Eli Lilly & Co. (NYSE:LLY) investors should pay attention to a decrease in support from the world's most elite money managers lately.
To most shareholders, hedge funds are seen as slow, outdated investment vehicles of the past. While there are greater than 8000 funds in operation at the moment, we at Insider Monkey hone in on the elite of this group, close to 450 funds. It is estimated that this group controls the lion's share of all hedge funds' total capital, and by watching their top investments, we have deciphered a number of investment strategies that have historically outperformed the broader indices. Our small-cap hedge fund strategy beat the S&P 500 index by 18 percentage points per annum for a decade in our back tests, and since we've started sharing our picks with our subscribers at the end of August 2012, we have outclassed the S&P 500 index by 25 percentage points in 6.5 month (explore the details and some picks here).
Equally as beneficial, positive insider trading activity is a second way to parse down the stock market universe. Just as you'd expect, there are plenty of incentives for an executive to get rid of shares of his or her company, but only one, very clear reason why they would buy. Various empirical studies have demonstrated the impressive potential of this tactic if investors know what to do (learn more here).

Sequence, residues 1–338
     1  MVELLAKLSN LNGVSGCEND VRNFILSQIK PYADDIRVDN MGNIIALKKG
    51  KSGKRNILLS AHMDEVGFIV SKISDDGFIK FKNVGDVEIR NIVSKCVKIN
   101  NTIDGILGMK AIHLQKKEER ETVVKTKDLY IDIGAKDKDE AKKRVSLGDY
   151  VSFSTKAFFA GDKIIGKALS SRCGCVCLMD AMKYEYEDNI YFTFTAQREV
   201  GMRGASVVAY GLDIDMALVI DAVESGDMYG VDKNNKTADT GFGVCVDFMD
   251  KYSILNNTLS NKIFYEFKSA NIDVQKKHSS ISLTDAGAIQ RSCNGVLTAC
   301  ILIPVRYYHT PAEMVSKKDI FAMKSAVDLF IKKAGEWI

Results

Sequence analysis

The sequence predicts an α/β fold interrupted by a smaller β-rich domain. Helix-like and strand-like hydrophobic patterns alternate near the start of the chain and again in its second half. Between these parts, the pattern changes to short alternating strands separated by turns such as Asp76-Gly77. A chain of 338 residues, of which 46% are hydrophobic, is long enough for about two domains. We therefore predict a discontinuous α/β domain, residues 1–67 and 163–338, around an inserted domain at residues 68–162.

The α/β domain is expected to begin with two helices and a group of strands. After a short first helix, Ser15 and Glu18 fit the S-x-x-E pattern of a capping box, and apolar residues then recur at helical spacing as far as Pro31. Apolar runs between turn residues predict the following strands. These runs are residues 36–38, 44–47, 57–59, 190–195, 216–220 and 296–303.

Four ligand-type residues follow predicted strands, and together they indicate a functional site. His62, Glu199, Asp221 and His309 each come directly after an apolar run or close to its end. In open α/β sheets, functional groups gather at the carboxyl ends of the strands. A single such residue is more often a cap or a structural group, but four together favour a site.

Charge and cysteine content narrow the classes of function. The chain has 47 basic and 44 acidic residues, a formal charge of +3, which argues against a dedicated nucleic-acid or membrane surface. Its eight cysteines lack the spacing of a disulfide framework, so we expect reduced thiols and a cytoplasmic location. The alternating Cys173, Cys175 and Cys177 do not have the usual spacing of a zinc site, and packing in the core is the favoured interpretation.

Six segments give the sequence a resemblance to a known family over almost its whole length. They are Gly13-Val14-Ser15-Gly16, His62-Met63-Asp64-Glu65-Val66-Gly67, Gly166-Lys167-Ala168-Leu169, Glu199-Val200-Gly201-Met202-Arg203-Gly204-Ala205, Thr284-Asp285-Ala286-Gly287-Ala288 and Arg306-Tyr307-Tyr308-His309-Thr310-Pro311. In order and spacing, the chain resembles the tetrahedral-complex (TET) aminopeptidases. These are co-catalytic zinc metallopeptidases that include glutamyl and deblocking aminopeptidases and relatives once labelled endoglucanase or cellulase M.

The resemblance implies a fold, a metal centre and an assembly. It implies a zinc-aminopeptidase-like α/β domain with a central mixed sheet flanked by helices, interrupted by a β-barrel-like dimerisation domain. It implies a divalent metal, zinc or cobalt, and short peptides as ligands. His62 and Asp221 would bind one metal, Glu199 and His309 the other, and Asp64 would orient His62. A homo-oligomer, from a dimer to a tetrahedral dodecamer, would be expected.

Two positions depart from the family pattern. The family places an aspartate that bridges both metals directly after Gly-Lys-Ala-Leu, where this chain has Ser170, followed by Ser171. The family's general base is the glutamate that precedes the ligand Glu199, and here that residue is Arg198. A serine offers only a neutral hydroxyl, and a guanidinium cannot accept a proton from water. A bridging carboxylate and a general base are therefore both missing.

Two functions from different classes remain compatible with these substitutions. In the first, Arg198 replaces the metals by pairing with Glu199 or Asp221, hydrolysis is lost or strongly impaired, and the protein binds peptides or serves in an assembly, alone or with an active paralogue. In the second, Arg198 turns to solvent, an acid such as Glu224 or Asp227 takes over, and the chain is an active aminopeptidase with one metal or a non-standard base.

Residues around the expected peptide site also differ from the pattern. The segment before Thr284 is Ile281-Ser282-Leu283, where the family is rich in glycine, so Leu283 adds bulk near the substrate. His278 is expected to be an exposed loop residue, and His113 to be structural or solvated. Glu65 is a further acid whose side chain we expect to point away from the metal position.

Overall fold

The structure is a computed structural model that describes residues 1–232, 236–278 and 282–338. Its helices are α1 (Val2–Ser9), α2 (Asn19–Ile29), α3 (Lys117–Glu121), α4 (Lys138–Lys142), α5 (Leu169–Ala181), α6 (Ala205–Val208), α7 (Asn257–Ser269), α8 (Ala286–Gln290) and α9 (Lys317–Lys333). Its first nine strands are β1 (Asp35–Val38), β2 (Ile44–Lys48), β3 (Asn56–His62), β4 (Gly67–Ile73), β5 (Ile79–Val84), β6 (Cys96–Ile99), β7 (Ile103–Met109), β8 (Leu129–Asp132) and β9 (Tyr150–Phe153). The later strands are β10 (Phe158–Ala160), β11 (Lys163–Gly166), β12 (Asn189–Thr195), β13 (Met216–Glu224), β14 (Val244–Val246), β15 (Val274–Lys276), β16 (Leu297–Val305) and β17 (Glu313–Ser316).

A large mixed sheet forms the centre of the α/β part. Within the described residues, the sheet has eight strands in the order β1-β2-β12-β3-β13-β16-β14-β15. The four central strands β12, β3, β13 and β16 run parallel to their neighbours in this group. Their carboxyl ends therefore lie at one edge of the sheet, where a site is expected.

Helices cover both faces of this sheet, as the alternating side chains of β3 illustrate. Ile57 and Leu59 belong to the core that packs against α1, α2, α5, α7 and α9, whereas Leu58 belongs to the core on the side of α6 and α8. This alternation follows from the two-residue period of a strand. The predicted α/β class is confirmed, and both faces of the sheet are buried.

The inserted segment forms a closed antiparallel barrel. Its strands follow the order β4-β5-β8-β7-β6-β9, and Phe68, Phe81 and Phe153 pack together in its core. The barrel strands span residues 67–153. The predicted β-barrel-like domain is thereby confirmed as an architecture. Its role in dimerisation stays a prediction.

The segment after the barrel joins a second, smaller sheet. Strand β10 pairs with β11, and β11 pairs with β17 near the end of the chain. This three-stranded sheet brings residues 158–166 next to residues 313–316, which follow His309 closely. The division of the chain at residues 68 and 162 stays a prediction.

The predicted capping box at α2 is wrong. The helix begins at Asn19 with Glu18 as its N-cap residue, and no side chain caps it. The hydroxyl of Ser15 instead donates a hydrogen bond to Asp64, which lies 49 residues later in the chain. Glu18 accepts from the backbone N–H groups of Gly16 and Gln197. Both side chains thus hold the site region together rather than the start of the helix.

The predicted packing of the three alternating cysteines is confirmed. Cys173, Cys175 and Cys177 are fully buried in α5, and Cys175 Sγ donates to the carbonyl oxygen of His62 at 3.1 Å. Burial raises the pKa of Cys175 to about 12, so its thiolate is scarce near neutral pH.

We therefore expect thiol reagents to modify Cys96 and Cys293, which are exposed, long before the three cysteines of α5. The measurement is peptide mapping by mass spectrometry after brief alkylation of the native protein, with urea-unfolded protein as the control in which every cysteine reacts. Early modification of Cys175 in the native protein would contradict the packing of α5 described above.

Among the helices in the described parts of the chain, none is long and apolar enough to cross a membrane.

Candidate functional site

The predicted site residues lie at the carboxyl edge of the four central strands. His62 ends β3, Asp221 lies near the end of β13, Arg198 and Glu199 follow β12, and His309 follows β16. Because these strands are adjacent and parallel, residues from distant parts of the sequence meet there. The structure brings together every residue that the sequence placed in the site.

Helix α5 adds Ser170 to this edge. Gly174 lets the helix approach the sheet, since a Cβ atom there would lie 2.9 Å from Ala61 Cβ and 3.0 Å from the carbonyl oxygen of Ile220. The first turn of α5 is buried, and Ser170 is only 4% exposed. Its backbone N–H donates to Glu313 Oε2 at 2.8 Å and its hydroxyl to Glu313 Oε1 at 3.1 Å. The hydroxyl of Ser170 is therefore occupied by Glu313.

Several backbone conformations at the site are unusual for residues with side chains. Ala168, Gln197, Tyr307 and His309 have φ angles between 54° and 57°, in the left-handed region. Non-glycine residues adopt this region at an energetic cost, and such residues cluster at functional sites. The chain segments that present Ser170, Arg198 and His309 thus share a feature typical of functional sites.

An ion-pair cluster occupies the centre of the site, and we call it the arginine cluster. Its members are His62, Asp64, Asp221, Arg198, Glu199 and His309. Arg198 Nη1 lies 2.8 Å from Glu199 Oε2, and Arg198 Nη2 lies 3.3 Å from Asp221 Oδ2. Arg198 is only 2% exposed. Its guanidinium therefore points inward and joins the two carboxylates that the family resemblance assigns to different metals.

Keeping this in mind, it's important to take a glance at the latest action encompassing Eli Lilly & Co. (NYSE:LLY).
At year's end, a total of 34 of the hedge funds we track were long in this stock, a change of -15% from the third quarter. With hedgies' sentiment swirling, there exists an "upper tier" of noteworthy hedge fund managers who were upping their holdings considerably.
Of the funds we track, Jim Simons's Renaissance Technologies had the largest position in Eli Lilly & Co. (NYSE:LLY), worth close to $400 million, comprising 1.2% of its total 13F portfolio. Sitting at the No. 2 spot is Cliff Asness of AQR Capital Management, with a $138 million position; the fund has 0.6% of its 13F portfolio invested in the stock. Other peers that hold long positions include Peter Rathjens, Bruce Clarke and John Campbell's Arrowstreet Capital, Ken Griffin's Citadel Investment Group and D. E. Shaw's D E Shaw.
Judging by the fact that Eli Lilly & Co. (NYSE:LLY) has faced falling interest from hedge fund managers, we can see that there was a specific group of hedgies that slashed their full holdings heading into 2013. At the top of the heap, Andreas Halvorsen's Viking Global said goodbye to the biggest investment of the "upper crust" of funds we key on, worth an estimated $234 million in stock., and Alan Fournier of Pennant Capital Management was right behind this move, as the fund dumped about $54 million worth. These bearish behaviors are interesting, as aggregate hedge fund interest dropped by 6 funds heading into 2013.
Insider buying is particularly usable when the company in question has experienced transactions within the past 180 days. Over the last six-month time frame, Eli Lilly & Co. (NYSE:LLY) has seen zero unique insiders buying, and 5 insider sales (see the details of insider trades here).
With the results shown by Insider Monkey's strategies, everyday investors must always keep an eye on hedge fund and insider trading activity, and Eli Lilly & Co. (NYSE:LLY) applies perfectly to this mantra.
Insider Monkey's small-cap strategy returned 29.2% between September 2012 and February 2013 versus 8.7% for the S&P 500 index. Try it now by clicking the link above.